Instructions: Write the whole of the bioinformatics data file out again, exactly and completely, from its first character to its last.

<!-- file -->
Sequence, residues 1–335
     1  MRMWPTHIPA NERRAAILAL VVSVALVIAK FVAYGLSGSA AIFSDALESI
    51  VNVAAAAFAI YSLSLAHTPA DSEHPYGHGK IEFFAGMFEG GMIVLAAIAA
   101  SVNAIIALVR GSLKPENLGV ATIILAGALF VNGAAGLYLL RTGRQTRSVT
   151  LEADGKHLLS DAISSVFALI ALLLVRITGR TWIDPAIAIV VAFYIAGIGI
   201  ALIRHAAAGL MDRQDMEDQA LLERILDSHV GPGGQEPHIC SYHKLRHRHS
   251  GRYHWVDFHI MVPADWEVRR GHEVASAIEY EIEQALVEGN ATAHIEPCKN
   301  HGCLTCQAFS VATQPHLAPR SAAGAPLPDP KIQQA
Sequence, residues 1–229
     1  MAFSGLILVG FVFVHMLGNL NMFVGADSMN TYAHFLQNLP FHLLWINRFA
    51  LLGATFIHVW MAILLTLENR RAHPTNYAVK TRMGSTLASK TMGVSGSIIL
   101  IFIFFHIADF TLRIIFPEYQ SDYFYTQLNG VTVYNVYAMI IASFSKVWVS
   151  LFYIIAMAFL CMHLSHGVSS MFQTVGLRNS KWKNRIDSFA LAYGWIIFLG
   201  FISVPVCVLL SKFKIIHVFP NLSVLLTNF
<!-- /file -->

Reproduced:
Sequence, residues 1–335
     1  MRMWPTHIPA NERRAAILAL VVSVALVIAK FVAYGLSGSA AIFSDALESI
    51  VNVAAAAFAI YSLSLAHTPA DSEHPYGHGK IEFFAGMFEG GMIVLAAIAA
   101  SVNAIIALVR GSLKPENLGV ATIILAGALF VNGAAGLYLL RTGRQTRSVT
   151  LEADGKHLLS DAISSVFALI ALLLVRITGR TWIDPAIAIV VAFYIAGIGI
   201  ALIRHAAAGL MDRQDMEDQA LLERILDSHV GPGGQEPHIC SYHKLRHRHS
   251  GRYHWVDFHI MVPADWEVRR GHEVASAIEY EIEQALVEGN ATAHIEPCKN
   301  HGCLTCQAFS VATQPHLAPR SAAGAPLPDP KIQQA
Sequence, residues 1–229
     1  MAFSGLILVG FVFVHMLGNL NMFVGADSMN TYAHFLQNLP FHLLWINRFA
    51  LLGATFIHVW MAILLTLENR RAHPTNYAVK TRMGSTLASK TMGVSGSIIL
   101  IFIFFHIADF TLRIIFPEYQ SDYFYTQLNG VTVYNVYAMI IASFSKVWVS
   151  LFYIIAMAFL CMHLSHGVSS MFQTVGLRNS KWKNRIDSFA LAYGWIIFLG
   201  FISVPVCVLL SKFKIIHVFP NLSVLLTNF